Wednesday, August 3, 2022

Former drug lord Benjamín Arellano Félix seeks early release from prison. The Fed said no way.

Benjamín Arellano Félix, once one of Mexico’s most powerful drug lords, wants to get out of jail.

After 11 years in prison for 25 years, Arellano petitioned a federal judge in San Diego for “compassionate release.”

His motion, filed on April 25, remains sealed. But on Tuesday, federal prosecutors filed a 19-page response digging into Arellano’s reasoning and continuing to argue why it was a bad idea.

Arellano, 68, cited the risk of contracting COVID-19 in prison as the main reason for his request for a reduced sentence, the court said, while also saying he had served “sufficient” time in prison for his crimes. Record.

That decision will ultimately be up to the judge.

Arellano’s rise as a drug lord and his family’s control of the lucrative Tijuana smuggling corridors in the 1990s are now part of the drug lord legend.

The Arellano brothers were major traffickers of cocaine and marijuana, and later cheap methamphetamine, into the United States. They initially operated as part of a coalition of trafficking groups, but some of those business relationships turned sour. The resulting turf war was a particularly bloody chapter in Tijuana’s history.

Arellano was arrested in Mexico in 2002 and extradited to Santiago in 2011. He pleaded guilty to racketeering and money laundering charges and agreed to forfeit $100 million as part of the deal.

On request, he admitted to being the head of the Arellano Félix group and using violence – from kidnappings to murders – to advance the cartel’s interests.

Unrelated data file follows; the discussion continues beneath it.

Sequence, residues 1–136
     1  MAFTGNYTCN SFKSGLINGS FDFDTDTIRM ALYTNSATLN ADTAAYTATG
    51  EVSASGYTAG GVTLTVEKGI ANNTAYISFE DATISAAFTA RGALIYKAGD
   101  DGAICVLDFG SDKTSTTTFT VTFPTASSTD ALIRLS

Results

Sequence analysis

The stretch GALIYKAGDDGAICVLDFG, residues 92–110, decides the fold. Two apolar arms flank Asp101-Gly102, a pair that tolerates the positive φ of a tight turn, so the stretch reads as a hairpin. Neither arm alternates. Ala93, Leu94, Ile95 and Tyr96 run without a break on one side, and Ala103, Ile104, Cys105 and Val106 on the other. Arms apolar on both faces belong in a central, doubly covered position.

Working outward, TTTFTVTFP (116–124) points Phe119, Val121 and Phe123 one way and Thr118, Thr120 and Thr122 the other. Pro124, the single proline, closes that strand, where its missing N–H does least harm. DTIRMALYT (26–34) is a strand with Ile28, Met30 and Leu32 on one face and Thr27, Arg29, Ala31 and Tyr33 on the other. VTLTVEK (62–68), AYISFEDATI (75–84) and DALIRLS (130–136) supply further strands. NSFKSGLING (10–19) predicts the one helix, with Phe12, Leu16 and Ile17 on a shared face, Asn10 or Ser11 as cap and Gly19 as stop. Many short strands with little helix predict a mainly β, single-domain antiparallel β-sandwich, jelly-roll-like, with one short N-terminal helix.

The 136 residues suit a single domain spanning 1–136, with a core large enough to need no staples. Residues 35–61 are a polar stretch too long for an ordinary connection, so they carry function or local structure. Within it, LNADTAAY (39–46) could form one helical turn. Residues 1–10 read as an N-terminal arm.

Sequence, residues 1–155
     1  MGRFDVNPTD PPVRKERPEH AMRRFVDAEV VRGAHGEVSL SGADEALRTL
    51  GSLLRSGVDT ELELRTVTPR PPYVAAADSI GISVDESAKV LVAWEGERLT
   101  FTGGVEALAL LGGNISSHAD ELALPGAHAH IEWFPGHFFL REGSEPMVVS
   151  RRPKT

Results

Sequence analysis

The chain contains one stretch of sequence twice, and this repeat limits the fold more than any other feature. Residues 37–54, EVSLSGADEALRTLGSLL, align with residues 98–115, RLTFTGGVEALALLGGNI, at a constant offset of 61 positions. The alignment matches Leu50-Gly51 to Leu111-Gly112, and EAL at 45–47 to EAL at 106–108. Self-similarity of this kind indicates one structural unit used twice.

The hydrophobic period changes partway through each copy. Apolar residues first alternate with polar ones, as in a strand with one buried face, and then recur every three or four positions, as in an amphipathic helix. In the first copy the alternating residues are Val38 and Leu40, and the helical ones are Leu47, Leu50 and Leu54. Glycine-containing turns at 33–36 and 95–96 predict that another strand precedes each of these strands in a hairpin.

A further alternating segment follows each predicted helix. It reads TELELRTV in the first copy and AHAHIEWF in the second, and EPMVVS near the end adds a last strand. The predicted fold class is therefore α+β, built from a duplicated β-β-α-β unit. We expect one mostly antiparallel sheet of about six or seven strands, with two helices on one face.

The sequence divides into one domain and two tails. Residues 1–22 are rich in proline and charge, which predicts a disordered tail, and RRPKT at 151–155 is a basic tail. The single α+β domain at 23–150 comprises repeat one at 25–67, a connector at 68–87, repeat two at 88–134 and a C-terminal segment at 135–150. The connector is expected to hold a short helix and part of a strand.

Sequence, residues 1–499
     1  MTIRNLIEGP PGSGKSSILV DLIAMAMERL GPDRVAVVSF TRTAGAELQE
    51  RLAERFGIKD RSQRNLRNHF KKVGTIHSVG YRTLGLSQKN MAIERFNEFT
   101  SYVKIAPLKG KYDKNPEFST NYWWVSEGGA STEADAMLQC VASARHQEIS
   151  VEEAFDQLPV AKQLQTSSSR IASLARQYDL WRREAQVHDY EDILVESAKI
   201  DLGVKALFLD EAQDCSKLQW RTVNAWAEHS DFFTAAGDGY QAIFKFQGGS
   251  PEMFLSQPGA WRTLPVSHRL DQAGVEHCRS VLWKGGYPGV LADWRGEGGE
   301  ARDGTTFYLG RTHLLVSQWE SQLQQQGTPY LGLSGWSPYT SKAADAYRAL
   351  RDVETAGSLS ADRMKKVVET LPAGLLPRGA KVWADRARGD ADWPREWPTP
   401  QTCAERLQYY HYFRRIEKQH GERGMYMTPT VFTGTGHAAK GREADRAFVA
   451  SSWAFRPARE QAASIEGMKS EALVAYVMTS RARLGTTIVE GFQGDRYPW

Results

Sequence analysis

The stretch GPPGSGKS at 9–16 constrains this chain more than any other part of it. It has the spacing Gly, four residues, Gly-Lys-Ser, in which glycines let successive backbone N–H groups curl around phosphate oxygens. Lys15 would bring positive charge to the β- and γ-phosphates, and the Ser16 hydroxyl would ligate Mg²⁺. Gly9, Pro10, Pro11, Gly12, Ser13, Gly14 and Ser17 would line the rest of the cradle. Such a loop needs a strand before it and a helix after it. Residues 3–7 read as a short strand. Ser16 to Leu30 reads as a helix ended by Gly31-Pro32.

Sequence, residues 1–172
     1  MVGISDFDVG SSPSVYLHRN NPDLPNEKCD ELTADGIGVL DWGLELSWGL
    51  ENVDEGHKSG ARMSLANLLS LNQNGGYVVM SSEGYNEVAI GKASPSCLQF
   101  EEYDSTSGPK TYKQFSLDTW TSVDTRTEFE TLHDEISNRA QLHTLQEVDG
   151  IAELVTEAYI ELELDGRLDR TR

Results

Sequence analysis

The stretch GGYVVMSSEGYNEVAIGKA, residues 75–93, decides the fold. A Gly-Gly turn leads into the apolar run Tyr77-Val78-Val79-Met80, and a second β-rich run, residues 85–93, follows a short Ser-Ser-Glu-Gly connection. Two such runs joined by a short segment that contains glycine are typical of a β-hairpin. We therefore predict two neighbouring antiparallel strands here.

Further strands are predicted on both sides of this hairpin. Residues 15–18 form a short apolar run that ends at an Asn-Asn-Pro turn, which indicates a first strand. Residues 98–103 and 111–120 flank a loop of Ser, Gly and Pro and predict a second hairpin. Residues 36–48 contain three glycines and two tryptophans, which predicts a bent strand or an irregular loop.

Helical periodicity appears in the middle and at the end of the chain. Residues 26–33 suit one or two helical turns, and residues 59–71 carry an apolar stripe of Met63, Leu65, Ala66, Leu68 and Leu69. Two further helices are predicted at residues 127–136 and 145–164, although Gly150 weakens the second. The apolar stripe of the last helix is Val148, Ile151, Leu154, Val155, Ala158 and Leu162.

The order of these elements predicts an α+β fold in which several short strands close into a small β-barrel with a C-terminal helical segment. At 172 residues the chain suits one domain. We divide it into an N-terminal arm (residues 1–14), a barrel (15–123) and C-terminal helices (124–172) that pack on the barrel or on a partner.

He is now serving time at a high-security federal prison in Lee County, Virginia.

Judges can reduce the sentence if they find “extraordinary and compelling reasons” and as long as the person is not deemed dangerous. Typical reasons include old age, terminal illness or “extraordinary and compelling” family circumstances.

Prosecutors argue that Arellano did not meet those standards. He was being treated in prison for high blood pressure and had been vaccinated against COVID-19 and boosted, they said.

Prosecutors argued that “the court’s assessment should be based on the prevailing scientific view that vaccination makes the risk of severe illness from COVID-19 extremely rare.”

The gravity of Arellano’s crimes also opposes early release, according to prosecutors.

“Defendant ran an international drug cartel. As the leader of that organization, defendant oversaw the entry of tons of drugs into the United States and directed numerous kidnappings and murders to fuel the cartel,” prosecutors said. “On the contrary, there is nothing in the defendant’s history and characteristics to justify, excuse or mitigate his egregious conduct.”

After receiving Arellano’s motion, U.S. District Judge Larry Burns ordered the federal public defender’s office to review the motion and related documents to determine whether he should be appointed defense attorney. On May 27, a public defender wrote to the judge that, after reviewing the material, no lawyer is currently recommended.

The chances of Arellano being released early seem slim.

When the same judge handed down Arellano in 2012, he denied a request for five years of credit for having served in Mexico.

“A 25-year sentence is perfectly reasonable,” Burns said at the time. “If I were within my powers, I would have given a longer sentence.”

Brother Francisco Javier Arellano Felix was sentenced to life in prison for running the cartel, but his sentence was later reduced to 23.5 years for his cooperation while in custody. Another brother, Eduardo Arellano Félix, was deported in August after serving most of his 15-year sentence in the United States and was quickly re-arrested in Mexico.

US News.

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